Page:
The first thing you will notice about this book is the spectacular artwork. Artist J.H. Williams (Alan Moore's Promethea) employs several different styles over the course of the story, but his primary style (for when Batwoman goes into action) is especially beautiful. These pages are painted with a B&W ink wash and then the talented Dave Stewart (Hellboy, The Umbrella Academy) adds the colors, and the result is stunning. It's also obvious that a lot of thought went into the overall design of each page, not just individual drawings. There are even details in the art that you don't really notice until after you've finished the story.

But what of the story? There are plenty of comics that have terrific art but are poorly written. No such worries here thanks to writer Greg Rucka (Queen & Country). This is sort of a "Batwoman: Year One" (with some sections even mimicking the style of Batman: Year One), but it also gives us a memorable new villain in the psychopathic, Lewis Carroll-quoting Alice. Rucka also does a fantastic job of making Batwoman Kate Kane into her own character, and not just a female version of the Batman.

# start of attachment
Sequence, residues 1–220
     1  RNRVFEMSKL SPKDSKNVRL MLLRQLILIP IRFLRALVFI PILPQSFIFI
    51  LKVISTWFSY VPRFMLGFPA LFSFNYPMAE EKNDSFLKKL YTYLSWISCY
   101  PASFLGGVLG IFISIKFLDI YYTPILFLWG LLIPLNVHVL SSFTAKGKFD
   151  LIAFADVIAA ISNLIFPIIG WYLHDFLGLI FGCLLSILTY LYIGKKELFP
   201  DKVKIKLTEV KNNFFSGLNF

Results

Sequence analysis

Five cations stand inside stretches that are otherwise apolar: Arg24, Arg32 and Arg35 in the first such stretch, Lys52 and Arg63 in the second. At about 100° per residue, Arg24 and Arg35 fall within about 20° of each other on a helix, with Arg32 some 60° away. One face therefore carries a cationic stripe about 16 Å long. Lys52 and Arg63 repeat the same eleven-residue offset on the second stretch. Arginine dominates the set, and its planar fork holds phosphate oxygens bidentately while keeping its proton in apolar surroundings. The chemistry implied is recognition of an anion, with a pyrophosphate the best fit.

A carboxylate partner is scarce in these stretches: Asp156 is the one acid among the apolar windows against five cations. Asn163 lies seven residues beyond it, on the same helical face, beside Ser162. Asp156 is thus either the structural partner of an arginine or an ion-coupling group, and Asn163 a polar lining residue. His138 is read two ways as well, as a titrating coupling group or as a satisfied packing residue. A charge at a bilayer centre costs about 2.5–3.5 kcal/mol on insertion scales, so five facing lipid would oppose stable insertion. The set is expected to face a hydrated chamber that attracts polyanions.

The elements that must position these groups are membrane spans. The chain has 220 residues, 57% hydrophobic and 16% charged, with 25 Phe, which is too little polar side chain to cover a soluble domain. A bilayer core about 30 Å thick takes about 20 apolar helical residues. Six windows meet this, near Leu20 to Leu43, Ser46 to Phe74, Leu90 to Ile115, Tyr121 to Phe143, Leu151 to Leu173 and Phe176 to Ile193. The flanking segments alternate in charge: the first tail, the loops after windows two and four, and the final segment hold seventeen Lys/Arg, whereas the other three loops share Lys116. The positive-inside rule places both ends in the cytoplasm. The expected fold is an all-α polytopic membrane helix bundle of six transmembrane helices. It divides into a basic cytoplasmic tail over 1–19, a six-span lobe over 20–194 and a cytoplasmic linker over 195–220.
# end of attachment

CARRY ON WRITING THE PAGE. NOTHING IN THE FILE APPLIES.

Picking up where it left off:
I can only think of a couple of negatives. A couple of the page layouts were so complex that it took a few seconds to figure out the order in which to read the panels. Also, the book ends in a bit of a cliffhanger, and Rucka has now left DC. Fortunately, Williams will be taking over the writing and continuing the story, but it may be a while until the Alice character returns.

This oversized hardcover is highly recommended. It's not that often that such a perfect marriage of story and art comes along.
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Format: Hardcover Verified Purchase
From the classy introduction by Rachel Maddow to the voluminous bonus features that end this book, it never ceases to amaze. I collected the Detective Comics issues as they came out, and I never could decide which I liked more - Rucka's story, pitting a more realistic and tragically complex Batwoman against a villian who is so twisted and dark - or is it Williams's psychadelic, uber-detailed, gorgeous artwork? The answer is actually simple: we're so lucky that they worked on this project together.